Thousands of trekkers try the climb each year — including former President Jimmy Carter who reached the summit of the mountain in 1988 at the age of 64 — in part because it’s possible to walk to the summit without ropes or technical climbing experience.

But only about 40 percent of those who try the climb make it to the top.

Marsh, who spent 30 years on the physics faculty at the State University of New York in Albany, applied the same research techniques to the effort to reach the summit of Mt. Kilimanjaro that he did to his research at the university.

He studied routes up the mountain, outfitters who would guide him to the summit and the best training methods to prepare for the trek.

Tour operators generally offer trekkers their choice of six routes up the mountain each with different characteristics, which may or may not appeal to a climber.

Among the factors Marsh was told to consider in choosing a route include the difficulty, scenery and crowds as well as age, fitness level, medical conditions, backpacking and hiking experience, experience at high altitude, degree of motivation and any other special considerations.

Marsh and his son chose the Machame Route, considered a challenging trek with stunning scenery through five different climactic zones. It is typically done on a six- or seven-day hike.

Despite it’s appeal, guidebooks about the mountain caution that the climb is a “serious undertaking” and “only worth doing with the right preparation.”

Though the climb is technically not as challenging as climbing Mount Everest or high peaks in the Andes, the high elevation, low temperature and occasional high winds make a climb up Mt. Kilimanjaro a “difficult and dangerous trek” and all trekkers usually “suffer considerable discomfort,” including shortage of breath, hypothermia and headaches, according to one guidebook on the climb.

Because of these challenges, Marsh said, he and his son “approached the training seriously.”

Before the trip, the duo hiked up Mt. Mitchell in the North Carolina mountains to gauge whether they should attempt the trek.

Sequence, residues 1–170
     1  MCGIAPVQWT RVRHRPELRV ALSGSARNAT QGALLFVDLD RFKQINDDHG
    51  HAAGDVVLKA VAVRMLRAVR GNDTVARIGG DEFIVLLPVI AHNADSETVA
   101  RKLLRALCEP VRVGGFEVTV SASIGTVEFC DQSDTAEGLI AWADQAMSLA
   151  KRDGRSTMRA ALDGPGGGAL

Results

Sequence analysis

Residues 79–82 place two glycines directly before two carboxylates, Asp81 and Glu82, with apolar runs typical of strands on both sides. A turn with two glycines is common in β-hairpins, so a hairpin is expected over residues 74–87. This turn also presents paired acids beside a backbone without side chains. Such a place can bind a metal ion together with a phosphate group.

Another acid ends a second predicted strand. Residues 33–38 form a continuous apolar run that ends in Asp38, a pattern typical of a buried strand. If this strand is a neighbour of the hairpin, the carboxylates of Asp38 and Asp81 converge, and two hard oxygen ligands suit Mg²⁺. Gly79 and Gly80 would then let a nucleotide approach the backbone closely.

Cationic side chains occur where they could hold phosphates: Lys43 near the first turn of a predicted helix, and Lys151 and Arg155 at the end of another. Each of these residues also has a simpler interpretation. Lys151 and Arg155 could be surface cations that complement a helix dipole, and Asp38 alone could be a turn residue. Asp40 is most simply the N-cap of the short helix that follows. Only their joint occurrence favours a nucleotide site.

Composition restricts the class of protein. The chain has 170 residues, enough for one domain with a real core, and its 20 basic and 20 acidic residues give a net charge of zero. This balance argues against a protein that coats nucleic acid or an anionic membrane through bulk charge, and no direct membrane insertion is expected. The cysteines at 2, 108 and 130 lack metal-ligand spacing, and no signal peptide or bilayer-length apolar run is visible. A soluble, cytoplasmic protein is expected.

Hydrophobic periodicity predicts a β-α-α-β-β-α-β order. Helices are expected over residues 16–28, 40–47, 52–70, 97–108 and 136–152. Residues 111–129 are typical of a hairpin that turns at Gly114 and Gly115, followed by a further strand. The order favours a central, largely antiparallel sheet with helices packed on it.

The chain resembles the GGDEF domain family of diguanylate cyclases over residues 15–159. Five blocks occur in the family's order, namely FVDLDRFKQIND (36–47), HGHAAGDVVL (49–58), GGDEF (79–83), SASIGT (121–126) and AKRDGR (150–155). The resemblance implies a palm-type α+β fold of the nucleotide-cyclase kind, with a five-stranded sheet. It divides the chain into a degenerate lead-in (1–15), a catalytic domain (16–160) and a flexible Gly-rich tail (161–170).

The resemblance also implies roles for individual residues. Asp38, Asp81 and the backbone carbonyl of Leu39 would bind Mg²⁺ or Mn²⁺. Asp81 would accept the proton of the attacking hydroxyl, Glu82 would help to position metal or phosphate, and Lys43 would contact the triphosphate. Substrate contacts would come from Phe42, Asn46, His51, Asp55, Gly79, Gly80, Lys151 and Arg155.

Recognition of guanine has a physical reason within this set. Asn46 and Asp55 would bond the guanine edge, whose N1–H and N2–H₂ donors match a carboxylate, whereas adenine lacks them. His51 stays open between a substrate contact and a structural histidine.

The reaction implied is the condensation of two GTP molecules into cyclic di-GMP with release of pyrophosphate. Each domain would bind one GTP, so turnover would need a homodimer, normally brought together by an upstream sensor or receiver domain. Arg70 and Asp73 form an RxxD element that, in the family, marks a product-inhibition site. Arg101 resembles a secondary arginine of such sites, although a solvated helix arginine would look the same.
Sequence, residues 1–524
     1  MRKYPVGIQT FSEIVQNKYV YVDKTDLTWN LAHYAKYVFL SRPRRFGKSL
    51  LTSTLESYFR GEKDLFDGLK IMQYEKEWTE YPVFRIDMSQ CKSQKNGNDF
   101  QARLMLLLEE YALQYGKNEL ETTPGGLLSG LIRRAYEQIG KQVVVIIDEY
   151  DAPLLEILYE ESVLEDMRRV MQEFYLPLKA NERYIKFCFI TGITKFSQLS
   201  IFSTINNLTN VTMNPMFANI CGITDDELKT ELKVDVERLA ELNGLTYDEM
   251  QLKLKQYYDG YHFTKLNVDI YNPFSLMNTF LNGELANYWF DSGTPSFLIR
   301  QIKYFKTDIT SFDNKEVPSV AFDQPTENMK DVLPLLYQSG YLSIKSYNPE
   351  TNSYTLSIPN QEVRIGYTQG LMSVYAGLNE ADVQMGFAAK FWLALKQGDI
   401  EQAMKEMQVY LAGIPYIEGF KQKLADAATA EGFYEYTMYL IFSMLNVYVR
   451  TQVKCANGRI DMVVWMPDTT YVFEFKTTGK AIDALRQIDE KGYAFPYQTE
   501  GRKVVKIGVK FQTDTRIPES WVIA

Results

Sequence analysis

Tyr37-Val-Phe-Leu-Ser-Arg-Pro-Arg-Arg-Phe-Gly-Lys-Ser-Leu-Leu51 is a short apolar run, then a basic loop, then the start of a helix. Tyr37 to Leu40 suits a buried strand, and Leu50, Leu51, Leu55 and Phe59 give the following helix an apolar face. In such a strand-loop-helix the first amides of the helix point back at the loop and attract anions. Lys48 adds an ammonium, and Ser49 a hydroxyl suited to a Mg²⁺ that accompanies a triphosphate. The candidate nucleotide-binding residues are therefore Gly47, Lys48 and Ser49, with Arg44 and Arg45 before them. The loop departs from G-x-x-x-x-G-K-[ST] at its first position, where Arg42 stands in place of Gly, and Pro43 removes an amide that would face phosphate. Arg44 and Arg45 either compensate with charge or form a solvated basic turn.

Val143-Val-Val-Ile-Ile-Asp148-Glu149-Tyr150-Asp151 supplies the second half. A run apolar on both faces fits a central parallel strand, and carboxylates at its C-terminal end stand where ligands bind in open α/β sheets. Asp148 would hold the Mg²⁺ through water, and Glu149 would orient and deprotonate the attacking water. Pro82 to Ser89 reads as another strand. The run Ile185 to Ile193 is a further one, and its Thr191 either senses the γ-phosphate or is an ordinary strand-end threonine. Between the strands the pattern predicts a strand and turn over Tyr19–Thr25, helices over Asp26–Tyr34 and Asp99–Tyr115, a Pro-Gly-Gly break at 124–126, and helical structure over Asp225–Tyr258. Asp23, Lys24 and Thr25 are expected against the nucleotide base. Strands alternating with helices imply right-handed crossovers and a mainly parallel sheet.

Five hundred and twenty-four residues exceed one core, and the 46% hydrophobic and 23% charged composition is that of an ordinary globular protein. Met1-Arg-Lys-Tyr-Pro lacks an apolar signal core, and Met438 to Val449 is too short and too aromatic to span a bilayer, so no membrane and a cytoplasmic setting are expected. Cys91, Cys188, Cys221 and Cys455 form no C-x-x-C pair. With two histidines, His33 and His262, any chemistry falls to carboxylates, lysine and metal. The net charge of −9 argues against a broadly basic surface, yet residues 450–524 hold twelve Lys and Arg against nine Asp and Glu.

And in the weeks immediately leading up to the hike, Marsh spent as many as four hours each day walking up and down the 50 feet of stairs leading from his home to his boat dock on the Pamlico River.

Once on the mountain, Marsh found the climb to be “about what I expected,” although because of the high altitude and lack of oxygen in the air, Marsh said, “I had to be very careful remembering things. I discovered that my mind was not working as well as it should.”

Judy Van Dorp, director of LifeStyles Medical Fitness Center, said Marsh and his trek up Mt. Kilimanjaro, are an inspiration to others who work at or use the center, either for physical fitness or to help them recovery from an illness or injury.
“He’s an inspiration to our staff and other members,” she said. “He’s the epitome of what we all should strive for as we age.”

But, she adds, it doesn’t take a trek up a mountain to benefit from exercise.

“You can always make improvement at any age,” she said.

In the coming days, the name “LifeStyles Medical Fitness Center” will change to “Vidant Wellness Center” along with the name change, effective Wednesday, announced by University Health Center of Eastern Carolina to Vidant Health.

When asked if he would make a second trek up Mt. Kilimanjaro, Marsh said, “I doubt it.”

But he wouldn’t rule out another hike up the mountain for his 80th birthday with his grandchildren.